abscate wrote: Wed Sep 26, 2018 8:16 am Thats a tough one.

In theory it should not matter, but we have had reports here that is does.

My 2005 diagram shows a different PCV box than yours but that is a NA car.

My 1999 had two ports on top like your 2001, with the top hose (top of cylinder head) connecting to the rear of engine/left of car port as you have it.

Wll I totally lied on that.

The 1999 has the PCV hose attached to the rear/left of car port, the top of cylinder head hose connects to the front engine/right side of car port.

Sorry about that.

Picture from Mikealders excellent 1999 PCV write up
1999 NA PCV Box
1999 NA PCV Box
Screen Shot 2018-09-26 at 11.07.34 AM.png (1.17 MiB) Viewed 527 times
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Post by abscate »

Peter

Your 2001 uses the Volvo 1271988 PCV box which is used

1998-2002
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Post by prwood »

Still ongoing:

- Got the intake manifold banjo bolt threaded on. Used abscate's suggested method but it still wasn't easy.

- Broke off the ECT temp sensor electrical connector (from the wiring harness side) while shuffling things around. Those things are so fragile, which is understandable since they've been on the car for 17 years. The pigtail on the sensor itself is fairly new. Didn't have any spare connectors and the junkyard was closed. I removed the connectors from both sides, stripped the wires and spliced them together with wire nuts wrapped in electrical tape. I don't know if the connectors have any circuitry or fuses in them that I'll be missing, but I'm hoping this works once the car is turned back on.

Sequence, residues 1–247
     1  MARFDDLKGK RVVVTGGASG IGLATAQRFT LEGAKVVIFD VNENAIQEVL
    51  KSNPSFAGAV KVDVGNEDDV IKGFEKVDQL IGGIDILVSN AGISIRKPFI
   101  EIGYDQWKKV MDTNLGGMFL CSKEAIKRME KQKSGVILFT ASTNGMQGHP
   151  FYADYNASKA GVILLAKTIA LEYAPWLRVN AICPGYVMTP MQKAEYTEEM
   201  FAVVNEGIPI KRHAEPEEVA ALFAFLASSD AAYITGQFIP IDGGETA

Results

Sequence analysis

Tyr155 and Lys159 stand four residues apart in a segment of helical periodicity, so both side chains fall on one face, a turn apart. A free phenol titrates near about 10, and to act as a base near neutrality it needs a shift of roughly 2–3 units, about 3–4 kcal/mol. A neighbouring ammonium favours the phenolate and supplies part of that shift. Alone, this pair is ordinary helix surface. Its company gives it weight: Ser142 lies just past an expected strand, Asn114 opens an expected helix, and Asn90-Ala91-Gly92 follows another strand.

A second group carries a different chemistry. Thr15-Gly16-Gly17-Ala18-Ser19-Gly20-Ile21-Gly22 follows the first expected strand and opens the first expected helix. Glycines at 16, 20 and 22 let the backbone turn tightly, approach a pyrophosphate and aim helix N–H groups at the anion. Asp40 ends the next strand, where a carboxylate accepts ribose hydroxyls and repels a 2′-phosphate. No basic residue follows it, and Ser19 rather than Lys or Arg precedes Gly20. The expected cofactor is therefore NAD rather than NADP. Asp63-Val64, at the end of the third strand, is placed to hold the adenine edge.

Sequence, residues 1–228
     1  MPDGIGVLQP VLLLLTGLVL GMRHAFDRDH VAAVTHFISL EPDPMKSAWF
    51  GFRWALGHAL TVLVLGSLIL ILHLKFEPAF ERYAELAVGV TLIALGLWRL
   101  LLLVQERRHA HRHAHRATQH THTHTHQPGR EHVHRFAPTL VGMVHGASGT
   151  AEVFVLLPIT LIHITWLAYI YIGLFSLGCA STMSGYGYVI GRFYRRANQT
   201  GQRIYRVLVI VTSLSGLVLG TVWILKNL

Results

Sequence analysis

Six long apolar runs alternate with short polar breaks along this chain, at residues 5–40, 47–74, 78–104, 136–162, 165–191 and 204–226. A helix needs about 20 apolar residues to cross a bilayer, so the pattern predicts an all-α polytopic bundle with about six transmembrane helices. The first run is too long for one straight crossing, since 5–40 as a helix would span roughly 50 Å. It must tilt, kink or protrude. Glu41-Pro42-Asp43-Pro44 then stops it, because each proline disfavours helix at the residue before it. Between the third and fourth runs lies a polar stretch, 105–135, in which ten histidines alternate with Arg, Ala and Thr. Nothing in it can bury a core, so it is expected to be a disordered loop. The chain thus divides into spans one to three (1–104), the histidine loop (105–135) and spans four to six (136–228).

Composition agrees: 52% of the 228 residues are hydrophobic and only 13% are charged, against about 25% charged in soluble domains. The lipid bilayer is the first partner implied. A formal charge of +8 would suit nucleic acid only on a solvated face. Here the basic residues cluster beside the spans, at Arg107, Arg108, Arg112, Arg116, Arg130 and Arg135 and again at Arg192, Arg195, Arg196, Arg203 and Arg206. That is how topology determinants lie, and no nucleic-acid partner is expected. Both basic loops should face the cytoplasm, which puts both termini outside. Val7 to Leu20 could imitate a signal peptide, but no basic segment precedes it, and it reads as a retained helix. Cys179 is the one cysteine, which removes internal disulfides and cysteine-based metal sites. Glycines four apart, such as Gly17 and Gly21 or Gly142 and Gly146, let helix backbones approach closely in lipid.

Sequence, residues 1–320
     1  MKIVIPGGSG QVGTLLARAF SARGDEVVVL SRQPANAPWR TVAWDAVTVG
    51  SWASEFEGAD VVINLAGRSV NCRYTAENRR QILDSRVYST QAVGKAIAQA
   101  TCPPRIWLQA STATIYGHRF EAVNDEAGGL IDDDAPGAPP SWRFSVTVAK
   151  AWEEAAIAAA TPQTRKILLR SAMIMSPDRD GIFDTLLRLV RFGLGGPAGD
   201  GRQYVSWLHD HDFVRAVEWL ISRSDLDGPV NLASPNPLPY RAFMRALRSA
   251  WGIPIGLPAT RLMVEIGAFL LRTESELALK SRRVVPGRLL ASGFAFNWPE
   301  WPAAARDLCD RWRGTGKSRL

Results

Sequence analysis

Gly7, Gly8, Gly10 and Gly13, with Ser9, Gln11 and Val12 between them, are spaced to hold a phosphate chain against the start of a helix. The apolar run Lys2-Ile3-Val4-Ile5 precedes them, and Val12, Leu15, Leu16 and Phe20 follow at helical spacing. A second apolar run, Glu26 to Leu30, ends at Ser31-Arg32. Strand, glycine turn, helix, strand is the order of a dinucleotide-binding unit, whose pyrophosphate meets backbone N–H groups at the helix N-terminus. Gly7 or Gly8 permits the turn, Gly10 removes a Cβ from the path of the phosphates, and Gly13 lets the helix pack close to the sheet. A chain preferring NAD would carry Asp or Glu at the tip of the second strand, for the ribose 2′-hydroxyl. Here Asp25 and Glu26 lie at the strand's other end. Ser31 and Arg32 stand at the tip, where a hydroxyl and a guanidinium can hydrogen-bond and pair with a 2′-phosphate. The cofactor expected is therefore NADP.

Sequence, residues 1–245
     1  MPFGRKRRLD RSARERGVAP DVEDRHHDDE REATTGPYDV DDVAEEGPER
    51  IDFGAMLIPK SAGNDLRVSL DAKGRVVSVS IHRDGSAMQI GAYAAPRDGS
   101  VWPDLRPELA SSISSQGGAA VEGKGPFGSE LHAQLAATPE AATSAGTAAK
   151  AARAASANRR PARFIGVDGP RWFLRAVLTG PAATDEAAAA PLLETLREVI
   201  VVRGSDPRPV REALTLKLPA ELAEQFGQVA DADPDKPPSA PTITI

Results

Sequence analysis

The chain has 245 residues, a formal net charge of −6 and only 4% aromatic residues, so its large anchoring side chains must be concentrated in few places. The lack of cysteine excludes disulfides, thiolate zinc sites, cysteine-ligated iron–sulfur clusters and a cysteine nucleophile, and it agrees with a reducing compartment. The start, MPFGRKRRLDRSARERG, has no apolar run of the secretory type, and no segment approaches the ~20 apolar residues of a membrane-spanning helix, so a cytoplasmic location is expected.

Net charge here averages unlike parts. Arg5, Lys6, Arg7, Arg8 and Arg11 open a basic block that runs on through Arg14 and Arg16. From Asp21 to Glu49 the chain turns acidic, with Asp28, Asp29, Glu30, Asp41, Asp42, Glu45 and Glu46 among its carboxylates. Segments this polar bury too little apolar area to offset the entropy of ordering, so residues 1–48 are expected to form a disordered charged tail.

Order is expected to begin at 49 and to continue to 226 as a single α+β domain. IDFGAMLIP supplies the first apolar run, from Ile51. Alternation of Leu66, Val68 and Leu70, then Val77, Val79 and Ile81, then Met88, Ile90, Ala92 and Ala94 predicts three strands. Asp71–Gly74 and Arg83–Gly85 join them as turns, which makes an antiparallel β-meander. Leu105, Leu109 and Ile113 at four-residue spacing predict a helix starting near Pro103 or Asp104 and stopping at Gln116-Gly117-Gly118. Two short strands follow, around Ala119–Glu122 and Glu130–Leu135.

- Got everything put back together. I had drained the coolant so that I could remove the upper radiator hose and also prevent leakage from the PCV hose, so I went to refill the coolant before starting the engine. Seconds after I started pouring, I heard spatters hitting the ground. I was losing coolant from somewhere around the transmission. I traced it down to the banjo bolt and PCV hose fitting for coolant on the side of the engine. In the process of putting that bolt on, I had dropped one of the new crush washers and used an old one in its place. Big mistake. I'm hitting the dealer today to get a bunch of extra washers and hopefully I can re-do it tonight and get the car started back up.

- My wife snuck out and got this photo of me working on the car while I wasn't looking. In this shot I am doing my absolute favorite task, working on hose clamps at the turbocharger.
IMG_7769.JPG
Cars I've owned:
- 2015 to current: 2001 Volvo V70 2.4T; 2004 Honda Odyssey
- 2007 to 2015: 2002 Subaru Legacy L Wagon
- 2003 to 2016: 2001 Toyota Corolla LE
- 1999 to 2003: 1994 Toyota Camry LE